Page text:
A statute of India's national hero, Mahatma Gandhi, has been removed from a university campus in Ghana after it was decided by the institution that the icon of resistance to British colonialism was in fact a "racist."
Lecturers at the University of Ghana began an online campaign after a giant bust of the leader was erected on the campus in 2016. The group of academics argue that Gandhi had a "racist identity" and regularly referred to native Africans as "savages" and "Kaffirs," a pejorative term used to refer to black Africans.
The petition, which has so far received well over 2,200 signatures will be relocated to another area in Ghana, according to the country's government.
A Law student from the university has been cited by the BBC new as saying that, "Having his statue means that we stand for everything he stands for and if he stands for these things [alleged racism], I don't think we should have his statue on campus."
Some might find the move odd, considering that Gandhi is often revered around the world for his almost pious dedication to and popularisation of nonviolent resistance to British colonial rule in India, which eventually led to independence in 1947 when the UK parliament passed the ‘Indian Independence Act.'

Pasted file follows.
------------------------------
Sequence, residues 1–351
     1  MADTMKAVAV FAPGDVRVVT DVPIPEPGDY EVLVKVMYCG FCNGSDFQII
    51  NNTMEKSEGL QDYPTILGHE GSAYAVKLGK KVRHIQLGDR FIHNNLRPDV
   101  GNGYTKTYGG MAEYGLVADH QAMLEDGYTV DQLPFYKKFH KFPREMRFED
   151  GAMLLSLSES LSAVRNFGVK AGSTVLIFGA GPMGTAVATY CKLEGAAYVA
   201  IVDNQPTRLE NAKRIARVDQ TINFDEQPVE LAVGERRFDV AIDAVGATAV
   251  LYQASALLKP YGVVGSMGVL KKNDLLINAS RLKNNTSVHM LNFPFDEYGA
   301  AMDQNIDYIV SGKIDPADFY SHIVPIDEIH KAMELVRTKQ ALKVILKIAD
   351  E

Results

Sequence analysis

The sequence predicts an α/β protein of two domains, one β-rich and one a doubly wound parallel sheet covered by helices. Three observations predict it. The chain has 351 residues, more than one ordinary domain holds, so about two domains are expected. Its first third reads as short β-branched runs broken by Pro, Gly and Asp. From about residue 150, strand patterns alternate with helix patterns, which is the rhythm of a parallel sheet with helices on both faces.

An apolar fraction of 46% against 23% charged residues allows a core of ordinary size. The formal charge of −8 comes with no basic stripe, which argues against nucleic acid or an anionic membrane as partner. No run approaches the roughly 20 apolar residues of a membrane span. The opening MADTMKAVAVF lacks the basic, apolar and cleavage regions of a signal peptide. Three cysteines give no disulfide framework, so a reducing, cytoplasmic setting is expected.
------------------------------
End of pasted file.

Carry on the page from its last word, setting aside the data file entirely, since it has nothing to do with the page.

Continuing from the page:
The academics who launched the petition also argue that, "If there should be statues on our campus, then, first and foremost, they should be of African heroes and heroines, who can serve as examples of who we are and what we have achieved as a people."
Yet, Ghana is far from the only country where angry motley crews of academics and students have demanded that the statues of historical figures deemed unsavoury be removed — in fact, it is becoming somewhat of a nascent trend.
In August 2016, Yale university began the process of removing stained glass windows that depicted enslaved Africans. On top of that, the world class institution has renamed one of its most famous schools from ‘Calhoun College' — named after John C Calhoun, a 19th-century vice president who endorsed the African slave trade — to ‘Hopper College,' after a particularly successful female computer scientist.
Rhodes University in South Africa also considered a rebrand as its name is taken from Cecil Rhodes, a former Prime Minister of the country who is widely credited as being one of the founding fathers of the apartheid system that ghettoised black citizens throughout the 19th and 20th centuries. Ultimately however, the university's council voted against the move.